I've already spoken about as highly as I can about the work of conductor Martin West and his terrific ballet orchestra, and Bridge is known for equally wonderful programming. That leaves the Claremont Trio. Bridge makes a big deal of how attractive these three young ladies are with admittedly eye-catching packaging. But tackling Beethoven, to be frank, takes more than beauty, either physical or tonal. So it's good to know that violinist Emily Bruskin, cellist Julia Bruskin, and pianist Andrea Lam are largely up to the task.
I say largely because the Triple Concerto features some slightly mannered phrasings and iffy intonation. But that's quibbling; the work itself isn't that great to begin with. All three soloists work so well together within the orchestral framework that you could be forgiven for thinking this is major Beethoven. In particular, the fleet and joyous finale brings the work to a wholly satisfying conclusion. The rest of the work is paced in what I would tentatively call "traditional tempos", with the Trio set quite naturally in the sonic picture. Martin West is a fine, fine conductor who does the one job this work really requires; keep it moving. There are far, far worse "Triples" out there, and Bridge records everyone very well.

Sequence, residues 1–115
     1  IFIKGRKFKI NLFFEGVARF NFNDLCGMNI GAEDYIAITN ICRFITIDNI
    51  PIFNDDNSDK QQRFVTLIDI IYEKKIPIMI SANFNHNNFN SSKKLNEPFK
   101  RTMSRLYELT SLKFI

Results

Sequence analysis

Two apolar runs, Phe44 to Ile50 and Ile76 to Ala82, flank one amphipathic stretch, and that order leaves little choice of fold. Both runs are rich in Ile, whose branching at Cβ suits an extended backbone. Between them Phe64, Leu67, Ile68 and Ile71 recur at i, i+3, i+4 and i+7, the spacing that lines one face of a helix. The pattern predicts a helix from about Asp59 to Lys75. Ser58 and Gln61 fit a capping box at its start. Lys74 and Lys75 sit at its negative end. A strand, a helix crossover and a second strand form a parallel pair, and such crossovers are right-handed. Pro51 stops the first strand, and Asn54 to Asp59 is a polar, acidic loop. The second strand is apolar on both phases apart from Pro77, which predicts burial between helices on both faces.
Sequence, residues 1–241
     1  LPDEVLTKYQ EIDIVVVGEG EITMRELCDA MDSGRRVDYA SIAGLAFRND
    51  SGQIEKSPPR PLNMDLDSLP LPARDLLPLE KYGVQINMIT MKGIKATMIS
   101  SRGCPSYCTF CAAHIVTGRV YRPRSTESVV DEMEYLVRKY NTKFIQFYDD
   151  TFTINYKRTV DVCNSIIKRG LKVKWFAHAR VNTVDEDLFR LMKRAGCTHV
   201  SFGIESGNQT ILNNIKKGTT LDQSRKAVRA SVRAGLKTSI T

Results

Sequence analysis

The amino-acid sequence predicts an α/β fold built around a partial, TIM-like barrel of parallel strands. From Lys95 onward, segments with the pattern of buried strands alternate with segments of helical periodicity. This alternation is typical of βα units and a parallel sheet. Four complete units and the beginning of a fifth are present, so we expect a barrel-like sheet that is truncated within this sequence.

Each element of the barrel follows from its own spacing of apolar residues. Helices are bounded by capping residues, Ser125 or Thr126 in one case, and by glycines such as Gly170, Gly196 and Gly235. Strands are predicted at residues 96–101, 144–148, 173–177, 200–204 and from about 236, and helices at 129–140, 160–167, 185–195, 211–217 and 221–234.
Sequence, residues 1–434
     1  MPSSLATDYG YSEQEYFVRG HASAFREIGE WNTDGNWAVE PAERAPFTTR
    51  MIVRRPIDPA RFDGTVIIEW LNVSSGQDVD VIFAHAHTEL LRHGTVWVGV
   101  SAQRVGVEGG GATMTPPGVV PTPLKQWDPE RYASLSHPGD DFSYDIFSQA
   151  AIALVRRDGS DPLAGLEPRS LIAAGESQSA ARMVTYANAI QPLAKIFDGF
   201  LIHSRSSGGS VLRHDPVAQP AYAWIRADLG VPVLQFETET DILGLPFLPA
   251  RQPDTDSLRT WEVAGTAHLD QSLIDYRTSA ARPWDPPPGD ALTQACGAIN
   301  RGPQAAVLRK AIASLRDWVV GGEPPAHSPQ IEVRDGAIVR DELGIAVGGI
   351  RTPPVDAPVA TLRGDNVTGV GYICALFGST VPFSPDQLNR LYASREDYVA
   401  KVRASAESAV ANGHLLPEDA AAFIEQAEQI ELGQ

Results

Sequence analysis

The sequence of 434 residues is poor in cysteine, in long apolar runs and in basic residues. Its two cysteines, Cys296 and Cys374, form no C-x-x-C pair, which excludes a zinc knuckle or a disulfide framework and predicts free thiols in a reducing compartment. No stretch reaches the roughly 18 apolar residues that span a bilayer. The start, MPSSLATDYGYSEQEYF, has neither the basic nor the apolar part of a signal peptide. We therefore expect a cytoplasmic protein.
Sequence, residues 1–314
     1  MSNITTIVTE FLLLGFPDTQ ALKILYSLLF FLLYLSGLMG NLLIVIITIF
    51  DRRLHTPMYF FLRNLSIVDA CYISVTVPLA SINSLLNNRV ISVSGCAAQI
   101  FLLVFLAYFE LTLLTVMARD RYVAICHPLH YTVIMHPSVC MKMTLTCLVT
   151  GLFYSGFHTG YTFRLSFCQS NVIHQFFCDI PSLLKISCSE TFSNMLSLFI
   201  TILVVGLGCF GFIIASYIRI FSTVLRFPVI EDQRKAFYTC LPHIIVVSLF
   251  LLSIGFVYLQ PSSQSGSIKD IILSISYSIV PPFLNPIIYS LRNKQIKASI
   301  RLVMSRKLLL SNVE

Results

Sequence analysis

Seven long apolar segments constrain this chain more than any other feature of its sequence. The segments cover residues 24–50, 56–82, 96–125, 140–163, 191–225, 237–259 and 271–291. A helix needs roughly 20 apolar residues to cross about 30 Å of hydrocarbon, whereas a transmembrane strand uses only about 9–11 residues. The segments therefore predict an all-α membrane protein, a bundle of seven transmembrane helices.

The Clarmont Trio seems more comfortable at this point in chamber music than in working with an orchestra. That at least in some way justifies my concern regarding chamber musicians recording concerti, but that's another discussion. My editorial carping aside, it must be said that the Trio plays Beethoven very well, so it's the context as opposed to the idiom that seems to have bothered them in the concerto. The Trio in E-Flat is a marvelous piece of music any way you look at it, and the three young ladies play confidently and are captured in a wonderful acoustic. Whether you need a very good concerto coupled with a really fine trio is up to you. Bridge supplies fine notes, and as a program the disc is highly recommendable. It may not be one of the label's essential efforts, but it showcases four outstanding artists in music they care about. In today's market, that certainly counts for something, and merits your attention.
Copyright © 2013, Brian Wigman